Adventure 501 (1978)   3 comments

From the cover of Creative Computing port of Adventure, via the Museum of Computer Adventure Game History.

This version of Adventure (by David Long) marks the last one of the 1970s I’m writing about. There are a few that are essentially direct ports I have skipped, but I’ve played all of them that modify Crowther’s original game in some fundamental way.

501-point Adventure has a tangled history, but I’ll simplify things down to say this was the basis of a “lost” 751-point version by David Long in 1980 (it was on Compuserve, and died when Compuserve did) as well as a 551-point version by Doug McDonald from 1984. I’m playing the version at Gobberwarts.

A difference between this version and all the others pops out right away:

You are inside a building, a well house for a large spring. Off to one side is a small pantry.
There is a shiny brass lamp nearby.
There is a leather sack here.
Taped to the wall is a faded poster.

>READ POSTER
The poster has on it a picture of a short, fat wizard with a bushy red beard and a white painted face. He is playing an electric guitar. The caption reads: ‘LOOK OUT KISS!! Here comes WIZZ!!!! Brian Baas lead singer and vocals. Playing at a Woodstock near you!’

>GET POSTER
Hidden behind the poster is a steel safe, embedded in the wall.

I thought for a brief time you were denied the typical food / water / keys at the start of the game, but the pantry can be entered.

>ENTER PANTRY
You’re in the caretaker’s pantry.
There is food here.
There is a bottle of water here.
It contains:
Clear water
There is a large black fly here buzzing around rather lazily.
There are some keys on the ground here.

Note how the bottle “contains: clear water” as a separate entry, as opposed to water just being an object. This game has a “proper” container system where in order to, say, free a bird from a cage, you have to >OPEN CAGE before getting the bird out, or if you want to pour the bottle of water, you have to >OPEN BOTTLE first. In a way, this makes for stronger simulationism, but it’s also more of a pain in practice to type two commands with something that previously only needed one. In short, improving the underlying system made the surface parser worse. For a container system to be an actual improvement, it needs “assumed actions” like in the Infocom parser — that is, if you POUR WATER without having opened the bottle, the game says “(first opening the bottle)” to avoid the tedium of typing an action that was clearly implied.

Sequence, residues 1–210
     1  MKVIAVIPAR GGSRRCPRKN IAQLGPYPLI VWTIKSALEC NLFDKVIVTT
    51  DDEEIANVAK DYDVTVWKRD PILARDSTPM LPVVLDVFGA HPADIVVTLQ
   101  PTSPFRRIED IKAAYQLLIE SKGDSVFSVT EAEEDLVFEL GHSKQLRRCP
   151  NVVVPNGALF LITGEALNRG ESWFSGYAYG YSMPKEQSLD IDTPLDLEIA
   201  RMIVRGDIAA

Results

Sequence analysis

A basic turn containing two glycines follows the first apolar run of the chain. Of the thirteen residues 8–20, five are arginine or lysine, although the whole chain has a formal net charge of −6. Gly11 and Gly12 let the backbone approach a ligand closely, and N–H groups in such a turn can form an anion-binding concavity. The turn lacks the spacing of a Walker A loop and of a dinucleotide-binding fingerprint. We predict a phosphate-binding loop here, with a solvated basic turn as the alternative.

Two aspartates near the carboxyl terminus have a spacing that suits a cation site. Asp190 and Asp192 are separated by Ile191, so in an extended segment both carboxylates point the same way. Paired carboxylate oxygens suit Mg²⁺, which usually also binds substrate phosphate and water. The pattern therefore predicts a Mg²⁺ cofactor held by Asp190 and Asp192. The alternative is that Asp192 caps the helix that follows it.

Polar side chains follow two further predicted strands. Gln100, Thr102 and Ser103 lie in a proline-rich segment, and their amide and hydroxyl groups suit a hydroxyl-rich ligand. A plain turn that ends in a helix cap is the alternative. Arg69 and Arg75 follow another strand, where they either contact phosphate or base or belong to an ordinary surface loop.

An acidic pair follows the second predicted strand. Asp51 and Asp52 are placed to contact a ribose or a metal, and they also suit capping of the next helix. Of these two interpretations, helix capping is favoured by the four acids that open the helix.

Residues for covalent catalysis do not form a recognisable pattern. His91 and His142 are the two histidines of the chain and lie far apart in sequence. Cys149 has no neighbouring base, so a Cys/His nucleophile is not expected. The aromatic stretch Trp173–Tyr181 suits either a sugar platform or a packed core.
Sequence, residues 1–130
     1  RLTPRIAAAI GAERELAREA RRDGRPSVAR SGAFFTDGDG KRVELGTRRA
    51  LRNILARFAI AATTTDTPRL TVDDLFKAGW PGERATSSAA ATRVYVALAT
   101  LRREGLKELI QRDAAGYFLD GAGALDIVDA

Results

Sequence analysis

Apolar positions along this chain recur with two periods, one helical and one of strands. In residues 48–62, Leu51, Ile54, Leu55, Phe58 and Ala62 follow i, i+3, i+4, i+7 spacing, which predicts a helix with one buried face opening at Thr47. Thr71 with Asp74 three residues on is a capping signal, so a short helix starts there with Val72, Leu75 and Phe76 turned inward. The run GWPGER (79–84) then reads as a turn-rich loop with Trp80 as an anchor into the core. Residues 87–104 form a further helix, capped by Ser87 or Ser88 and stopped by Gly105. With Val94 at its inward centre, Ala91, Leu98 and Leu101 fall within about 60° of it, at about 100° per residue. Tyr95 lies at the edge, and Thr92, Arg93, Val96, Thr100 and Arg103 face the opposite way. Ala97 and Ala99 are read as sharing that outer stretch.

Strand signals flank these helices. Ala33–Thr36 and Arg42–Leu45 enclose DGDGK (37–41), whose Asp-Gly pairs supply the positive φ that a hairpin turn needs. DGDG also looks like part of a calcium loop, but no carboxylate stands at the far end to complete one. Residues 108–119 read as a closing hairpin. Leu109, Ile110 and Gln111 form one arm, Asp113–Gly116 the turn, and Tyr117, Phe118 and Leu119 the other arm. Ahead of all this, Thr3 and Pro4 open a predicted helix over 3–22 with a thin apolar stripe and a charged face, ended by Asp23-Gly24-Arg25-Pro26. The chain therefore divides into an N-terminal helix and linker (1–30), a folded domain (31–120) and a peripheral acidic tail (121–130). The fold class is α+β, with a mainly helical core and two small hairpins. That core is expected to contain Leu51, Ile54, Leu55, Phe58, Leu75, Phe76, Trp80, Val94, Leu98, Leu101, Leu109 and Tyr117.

In any case, I haven’t run into too many more differences yet. There’s these two areas early on…

…but neither as of yet seem to be extensive or interesting (given I found no treasure or item associated with the “Haunted Chamber” I suspect I’m missing something).

I also found a sword in an anvil (very similar to the sword in the stone from Adventure 550) and a chasm called “Dante’s Rest” where I suspect the rest of the rooms are hidden. I will report back my results next time!

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Posted August 5, 2017 by Jason Dyer in Interactive Fiction

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3 responses to “Adventure 501 (1978)

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  1. The version at Gobberwarts emulates the original Fortran even more closely than my C port! On Gobberwarts, as in the original, some of Long’s engine additions open up some really fun loopholes. Like, you can bring both the bear and the oyster back to the Well House (I’ve verified the oyster works in Gobberwarts; the bear is more trouble than I care to try right now), and if you FILL CASK WITH (item) it will transmute into (item+1), which can be amusing. In my version I fixed all these bugs because I didn’t want to deal with potential undefined behavior in C; but it’s great that Gobberwarts has them! :)

    • Just curious: How do you bring the oyster and bear to the house? I thought you couldn’t take the oyster out of the “shell room” area, and couldn’t take the bear over the troll’s bridge (it collapses the bridge). Yes, I know this version had an alternate way to the far side of the troll bridge, but I’m fairly sure that’s a one-way passage, so you can’t go back that way.

  2. Pingback: The Lost Dutchman’s Gold (1979) | Renga in Blue

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